If you haven’t yet built a data science team that can leverage massive amounts of data to drive a better business, then you’re missing out on one of the most valuable opportunities of the digital age. Most companies have, in fact, built data science teams, but there are key signs that they’re not doing enough to keep up with changes in the data landscape. Here are six warning signs you may need to rethink your approach to data science.
1. You Don’t yet Have a Chief Data Officer (CDO)
As data assets become increasingly important in more sectors of the organization, the Chief Data Officer (CDO) is becoming an indispensable role. A Gartner survey indicated that 57 percent of companies now have a formal title of CDO on their management teams, and more than 50 percent of those CDOs will report to the CEO in 2018, up from 40 percent the year before. Chief Data Officers are charged with creating a data-driven culture, distributing data insights across different lines of business and finding new ways to innovate where and how data is utilized to drive better business processes, products, and services.
2. You Haven’t Employed an AI or Machine Learning Expert
The artificial intelligence and machine learning disciplines are supercharging the role of data science and big data analytics. Forbes reports that 70 percent of enterprises expect to implement AI over the next 12 months, empowering a new era in analytics and data management. Data teams that aren’t employing AI experts will soon be missing the boat on some of the biggest areas that data science can add value: generating real-time predictions for marketing and sales teams, streamlining common IT and other internal processes and improving the customer experience at scale.
3. Your CEO Thinks “R” and “SAS” Are Just Letters in the Alphabet
Various programming languages and tools have been amplifying the data science field for some time, including R and SAS, and it’s important for your executive teams to know the lexicon and understand the role they can play in achieving data science mastery. The SAS data science tool is designed to empower data manipulation/optimization and advanced statistical concepts to solve real-world business problems and predictive modeling techniques. R is another key programming language that helps data scientists master data exploration, data visualization, predictive analytics and descriptive analytics.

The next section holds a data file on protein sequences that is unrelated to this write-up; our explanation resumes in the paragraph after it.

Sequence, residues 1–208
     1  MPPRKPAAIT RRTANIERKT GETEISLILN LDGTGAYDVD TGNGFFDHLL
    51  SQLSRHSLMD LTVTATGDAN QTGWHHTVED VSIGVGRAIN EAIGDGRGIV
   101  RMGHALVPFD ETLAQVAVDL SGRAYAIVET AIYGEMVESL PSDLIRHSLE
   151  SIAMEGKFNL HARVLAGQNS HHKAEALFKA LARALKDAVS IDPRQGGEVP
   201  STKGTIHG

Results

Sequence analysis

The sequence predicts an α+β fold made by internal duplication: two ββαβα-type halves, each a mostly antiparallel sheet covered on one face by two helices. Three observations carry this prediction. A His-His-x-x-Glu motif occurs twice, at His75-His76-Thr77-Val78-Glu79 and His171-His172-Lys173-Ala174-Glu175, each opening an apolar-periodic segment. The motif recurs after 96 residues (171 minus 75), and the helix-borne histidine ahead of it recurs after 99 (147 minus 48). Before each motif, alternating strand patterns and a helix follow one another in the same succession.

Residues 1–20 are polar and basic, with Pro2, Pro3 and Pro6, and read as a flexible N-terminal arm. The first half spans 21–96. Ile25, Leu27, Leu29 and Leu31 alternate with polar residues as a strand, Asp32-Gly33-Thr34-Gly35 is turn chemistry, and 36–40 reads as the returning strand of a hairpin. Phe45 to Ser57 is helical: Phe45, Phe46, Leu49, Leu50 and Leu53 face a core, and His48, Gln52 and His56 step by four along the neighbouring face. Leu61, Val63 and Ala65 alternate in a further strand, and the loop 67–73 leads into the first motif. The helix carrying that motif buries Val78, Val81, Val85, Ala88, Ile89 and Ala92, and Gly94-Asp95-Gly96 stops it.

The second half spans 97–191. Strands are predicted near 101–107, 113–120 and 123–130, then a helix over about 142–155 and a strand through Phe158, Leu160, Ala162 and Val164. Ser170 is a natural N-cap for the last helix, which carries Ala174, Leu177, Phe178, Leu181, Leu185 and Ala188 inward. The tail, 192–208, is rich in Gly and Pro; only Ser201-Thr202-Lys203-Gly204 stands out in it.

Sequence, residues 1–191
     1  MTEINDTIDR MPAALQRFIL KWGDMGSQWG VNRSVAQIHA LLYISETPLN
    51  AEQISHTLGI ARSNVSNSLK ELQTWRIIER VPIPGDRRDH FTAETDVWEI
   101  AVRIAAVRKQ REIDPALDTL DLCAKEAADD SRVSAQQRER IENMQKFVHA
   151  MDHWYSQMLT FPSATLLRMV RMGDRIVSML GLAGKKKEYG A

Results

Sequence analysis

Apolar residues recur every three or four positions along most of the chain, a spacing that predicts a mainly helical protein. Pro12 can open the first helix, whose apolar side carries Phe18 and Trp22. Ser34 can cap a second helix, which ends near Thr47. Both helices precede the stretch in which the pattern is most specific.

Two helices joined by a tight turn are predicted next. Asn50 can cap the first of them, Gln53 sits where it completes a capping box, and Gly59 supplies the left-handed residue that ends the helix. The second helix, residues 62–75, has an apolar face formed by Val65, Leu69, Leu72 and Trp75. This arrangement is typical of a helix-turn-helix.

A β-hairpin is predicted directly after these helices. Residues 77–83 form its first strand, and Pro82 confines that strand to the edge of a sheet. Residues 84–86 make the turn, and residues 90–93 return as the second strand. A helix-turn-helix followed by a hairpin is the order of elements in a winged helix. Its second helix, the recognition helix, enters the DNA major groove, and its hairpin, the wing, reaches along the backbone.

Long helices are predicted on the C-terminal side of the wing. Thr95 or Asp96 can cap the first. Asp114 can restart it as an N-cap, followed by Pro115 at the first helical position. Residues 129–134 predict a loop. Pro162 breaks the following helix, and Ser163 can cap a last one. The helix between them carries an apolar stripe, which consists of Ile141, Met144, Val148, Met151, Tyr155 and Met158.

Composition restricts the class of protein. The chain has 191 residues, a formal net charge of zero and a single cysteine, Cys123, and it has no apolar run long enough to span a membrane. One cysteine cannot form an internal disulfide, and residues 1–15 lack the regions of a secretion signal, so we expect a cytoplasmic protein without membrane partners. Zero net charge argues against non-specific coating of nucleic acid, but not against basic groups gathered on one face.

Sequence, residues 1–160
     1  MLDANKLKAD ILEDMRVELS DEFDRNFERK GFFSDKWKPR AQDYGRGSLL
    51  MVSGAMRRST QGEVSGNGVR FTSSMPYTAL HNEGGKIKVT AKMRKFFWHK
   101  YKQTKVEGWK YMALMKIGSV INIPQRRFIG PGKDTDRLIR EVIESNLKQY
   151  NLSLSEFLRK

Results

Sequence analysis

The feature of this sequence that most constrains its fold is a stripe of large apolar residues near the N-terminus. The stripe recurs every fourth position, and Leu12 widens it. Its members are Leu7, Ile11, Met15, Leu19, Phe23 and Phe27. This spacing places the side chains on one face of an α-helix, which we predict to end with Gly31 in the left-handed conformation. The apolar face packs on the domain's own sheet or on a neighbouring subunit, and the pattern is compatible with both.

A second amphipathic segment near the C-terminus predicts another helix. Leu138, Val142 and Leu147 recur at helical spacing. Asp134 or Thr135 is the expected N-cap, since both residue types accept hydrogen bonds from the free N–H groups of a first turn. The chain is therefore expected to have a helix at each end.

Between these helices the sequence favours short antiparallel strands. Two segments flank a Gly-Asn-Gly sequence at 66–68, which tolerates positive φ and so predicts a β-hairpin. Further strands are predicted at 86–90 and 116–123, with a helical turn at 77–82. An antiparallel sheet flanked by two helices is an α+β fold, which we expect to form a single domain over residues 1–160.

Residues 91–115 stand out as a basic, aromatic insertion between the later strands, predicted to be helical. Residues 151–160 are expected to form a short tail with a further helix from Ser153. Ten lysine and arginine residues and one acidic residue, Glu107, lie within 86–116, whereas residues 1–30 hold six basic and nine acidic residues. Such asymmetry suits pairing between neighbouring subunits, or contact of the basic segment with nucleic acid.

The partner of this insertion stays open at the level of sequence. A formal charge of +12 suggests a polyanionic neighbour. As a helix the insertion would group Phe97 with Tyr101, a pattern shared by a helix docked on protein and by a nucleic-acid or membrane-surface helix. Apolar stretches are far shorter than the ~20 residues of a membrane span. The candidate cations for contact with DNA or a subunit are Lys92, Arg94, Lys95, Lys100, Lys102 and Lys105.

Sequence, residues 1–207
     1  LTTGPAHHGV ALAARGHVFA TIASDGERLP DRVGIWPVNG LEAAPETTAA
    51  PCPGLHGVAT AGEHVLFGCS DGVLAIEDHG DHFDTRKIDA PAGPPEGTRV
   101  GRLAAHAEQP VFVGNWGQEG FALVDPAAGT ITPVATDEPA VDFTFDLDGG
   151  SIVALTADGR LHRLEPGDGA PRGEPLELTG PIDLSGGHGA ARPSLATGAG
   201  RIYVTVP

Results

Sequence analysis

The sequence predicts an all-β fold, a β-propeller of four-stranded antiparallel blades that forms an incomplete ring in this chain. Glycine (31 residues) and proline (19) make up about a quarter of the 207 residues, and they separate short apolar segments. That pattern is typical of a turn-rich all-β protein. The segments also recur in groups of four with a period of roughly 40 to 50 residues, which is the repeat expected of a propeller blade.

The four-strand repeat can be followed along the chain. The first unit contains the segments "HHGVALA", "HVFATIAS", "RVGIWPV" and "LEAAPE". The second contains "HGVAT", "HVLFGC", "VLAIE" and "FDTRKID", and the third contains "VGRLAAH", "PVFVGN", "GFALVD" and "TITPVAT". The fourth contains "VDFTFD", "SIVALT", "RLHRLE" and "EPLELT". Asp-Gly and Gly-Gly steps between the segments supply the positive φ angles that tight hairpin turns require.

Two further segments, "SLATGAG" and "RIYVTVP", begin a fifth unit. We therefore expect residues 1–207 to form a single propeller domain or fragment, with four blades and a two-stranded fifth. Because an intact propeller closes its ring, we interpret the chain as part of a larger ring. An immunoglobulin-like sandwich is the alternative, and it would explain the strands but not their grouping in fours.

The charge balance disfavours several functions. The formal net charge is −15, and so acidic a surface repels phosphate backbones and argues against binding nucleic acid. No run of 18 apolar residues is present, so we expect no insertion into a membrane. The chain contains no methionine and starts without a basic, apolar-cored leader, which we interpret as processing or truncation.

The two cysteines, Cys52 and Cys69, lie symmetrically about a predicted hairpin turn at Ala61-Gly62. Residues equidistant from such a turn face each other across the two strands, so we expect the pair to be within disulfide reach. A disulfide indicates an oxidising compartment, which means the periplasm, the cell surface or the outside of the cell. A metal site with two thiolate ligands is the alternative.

4. You Can’t Easily Turn Data Into Insights and Solutions
The value of data can only be optimized if your data scientists and engineers can apply raw data to glean insights and create real-world business solutions that scale. Data scientists can often identify a trend but fall short in effectively constructing and implementing a better process or business model that leverages the uncovered data. Another challenge is to scale insights into a viable solution: a McKinsey study found that only 8 percent of 1,000 respondents with analytics initiatives engaged in effective scaling practices. This leads to bringing some organizations to outsource their business intelligence capabilities. It is predicted that the insights-as-a-service market will double as insight subscriptions gain traction, and 66 percent of enterprises already outsource between 11 percent and 75 percent of their business intelligence applications. Outsourcing is one trending option. Upskilling your data science teams is another.
5. You Don’t Have a Data Cloud
The cloud is already revolutionizing many of the ways in which companies process data and streamline operations. Cisco reports that 94 percent of workloads and compute instances will be processed by cloud data centers by 2021. But the trend is moving to the next stage with data analytics as 50 percent of enterprises plan to adopt a cloud-first strategy for big data analytics. The cloud-first strategy for big data and analytics can help organizations open the door to more cost control and better flexibility with analysis than on-premise systems can.
6. Analytics Teams Are Still Working in Silos
Like most business endeavors, data science is most effective and productive when teams collaborate on their activities. Especially with cloud-based analytics platforms, companies can leverage a more cohesive work experience between analytics teams to improve ROI of their combined activities and lower the total cost of ownership (TCO) of solutions. Research shows that businesses will see a minimum of 3-5x increase in TCO and an ROI of 171 percent from using analytics that are designed to work together. Bridging the gap between operational silos can have a measurable impact on bottom-line solutions and results.
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As the data science field reaches a new stage in its evolution, there is still ample time for organizations to take advantage of the latest tools, technologies and techniques to stay competitive. Take this opportunity to identify warning signs like these and get ready to thrive in the golden age of data science.